Today, in a really perverse ruling, the Supreme Court upheld Obamacare's individual mandate as a tax in a 5-to-4 decision, even though Obamacare's supporters repeatedly denied when they were passing it that it was a tax. (The Court did concede that the individual mandate wasn't valid under the Constitution's Commerce Clause, so it instead relied on Congress's tax power.) This ruling lets politicians avoid the political heat by denying that something is a tax in order to pass it (as President Obama and congressional leaders did, to deny that they had broken Obama’s pledge not to raise taxes on...
  • Quick Thoughts on the Health Care Ruling

    June 28, 2012
    The Supreme Court upheld the health care bill, as you've no doubt heard by now. Over at the Daily Caller, I offer a few quick thoughts about the decision.
  • Supreme Court Issues 5-to-4 Rulings, But Not On Obamacare

    June 18, 2012
    The Supreme Court announced four decisions today, three of them decided by slender 5-to-4 margins, but not the long-awaited ruling about the constitutionality of Obamacare. I discuss these four decisions at this link. Two of the three decisions in which the court split 5-to-4 were cases in which there was no ideological division among the justices, and both liberal and "conservative" justices joined the majority opinion. That, too, is unremarkable, as I...
  • More First Amendment Violations from Obamacare, Thanks to HHS

    May 15, 2012
    Obamacare will drive up costs for most patients and insurance policyholders. Yet "health-insurance companies must tell customers who get a premium rebate this summer that the check is the result of the Obama administration's health-care law, according to federal guidelines released Friday. . . .Rules finalized by the Department of...
  • Economic "Recovery" Is Slow and Weak Due to Obama Administration Policies

    April 2, 2012
    Typically, after the economy suffers an unusually severe recession, it bounces back in an unusually rapid recovery -- what some economists and others refer to as the "rubber-band effect."  But not now. Despite the huge worldwide recession in 2008-09, the economy has experienced only a weak recovery, with fewer people employed in America today than when President Obama took office. "At this point in the typical post-World War II recovery, the economy was growing at an average pace of nearly 5 percent. The Obama recovery has managed just over 2 percent." As James Pethokoukis...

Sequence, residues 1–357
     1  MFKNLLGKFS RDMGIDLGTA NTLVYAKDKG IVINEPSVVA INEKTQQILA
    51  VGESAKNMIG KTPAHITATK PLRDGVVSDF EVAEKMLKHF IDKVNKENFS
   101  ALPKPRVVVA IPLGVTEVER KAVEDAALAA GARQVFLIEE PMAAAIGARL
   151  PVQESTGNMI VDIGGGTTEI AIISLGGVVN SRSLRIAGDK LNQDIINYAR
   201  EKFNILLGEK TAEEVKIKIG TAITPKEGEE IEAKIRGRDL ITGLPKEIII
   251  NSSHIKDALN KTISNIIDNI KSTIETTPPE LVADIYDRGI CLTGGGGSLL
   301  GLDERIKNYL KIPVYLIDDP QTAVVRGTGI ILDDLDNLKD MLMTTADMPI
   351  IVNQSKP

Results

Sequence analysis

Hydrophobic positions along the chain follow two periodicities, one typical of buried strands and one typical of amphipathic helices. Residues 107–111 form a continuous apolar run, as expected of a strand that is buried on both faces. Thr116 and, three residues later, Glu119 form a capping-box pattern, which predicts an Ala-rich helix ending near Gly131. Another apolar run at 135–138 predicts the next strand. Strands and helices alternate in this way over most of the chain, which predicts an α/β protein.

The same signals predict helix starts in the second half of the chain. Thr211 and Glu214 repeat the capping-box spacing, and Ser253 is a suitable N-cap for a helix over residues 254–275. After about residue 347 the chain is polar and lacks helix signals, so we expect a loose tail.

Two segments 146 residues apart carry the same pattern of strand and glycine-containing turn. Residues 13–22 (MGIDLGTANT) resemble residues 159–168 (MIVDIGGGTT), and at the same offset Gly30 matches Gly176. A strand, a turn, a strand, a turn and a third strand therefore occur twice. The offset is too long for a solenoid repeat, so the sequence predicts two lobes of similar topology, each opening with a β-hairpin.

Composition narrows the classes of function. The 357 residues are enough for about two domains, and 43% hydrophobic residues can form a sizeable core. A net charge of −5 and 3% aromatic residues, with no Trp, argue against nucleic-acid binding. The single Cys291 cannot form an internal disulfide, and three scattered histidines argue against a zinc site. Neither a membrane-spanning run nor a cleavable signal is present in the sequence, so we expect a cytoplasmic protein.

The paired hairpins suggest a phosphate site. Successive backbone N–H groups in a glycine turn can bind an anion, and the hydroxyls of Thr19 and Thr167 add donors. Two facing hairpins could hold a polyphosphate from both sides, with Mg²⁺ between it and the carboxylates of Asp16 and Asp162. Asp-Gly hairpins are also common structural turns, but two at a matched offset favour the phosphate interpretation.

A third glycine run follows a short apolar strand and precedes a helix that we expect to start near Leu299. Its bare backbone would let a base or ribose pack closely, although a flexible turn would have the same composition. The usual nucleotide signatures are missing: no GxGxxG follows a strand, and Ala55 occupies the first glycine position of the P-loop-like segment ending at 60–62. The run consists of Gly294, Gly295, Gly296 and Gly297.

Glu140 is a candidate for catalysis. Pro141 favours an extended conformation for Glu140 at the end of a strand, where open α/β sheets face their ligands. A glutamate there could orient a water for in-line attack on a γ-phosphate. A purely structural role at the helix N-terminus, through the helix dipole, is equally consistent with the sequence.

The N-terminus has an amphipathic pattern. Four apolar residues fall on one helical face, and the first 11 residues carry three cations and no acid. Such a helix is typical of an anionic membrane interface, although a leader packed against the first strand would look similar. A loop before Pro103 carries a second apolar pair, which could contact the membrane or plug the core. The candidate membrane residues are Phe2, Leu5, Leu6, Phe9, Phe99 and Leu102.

• Obamacare: Constitutionality Argument Misses the Point Entirely

    March 29, 2012
    Conservatives are ebullient over the unexpected hostility and skepticism the government's lawyers faced from the Supreme Court Justices over the three days of hearings on the constitutionality of Obamacare.  In fact, so withering was the interrogation that the consensus of the Beltway-NYC elite has shifted virtually overnight from "Of course the Court will uphold it!" to "Oh my God! The individual mandate is doomed!" It is heartening to see the Justices take the constitutional question seriously, and entertaining to see them pick apart the very weak case(s) for the individual mandate that every American purchase health insurance or face government sanction. And it certainly seems more possible now than it did last week that the Court may throw the baby out, and the bath water too, for good measure. However, it is possible that this focus on constitutionality may someday backfire on...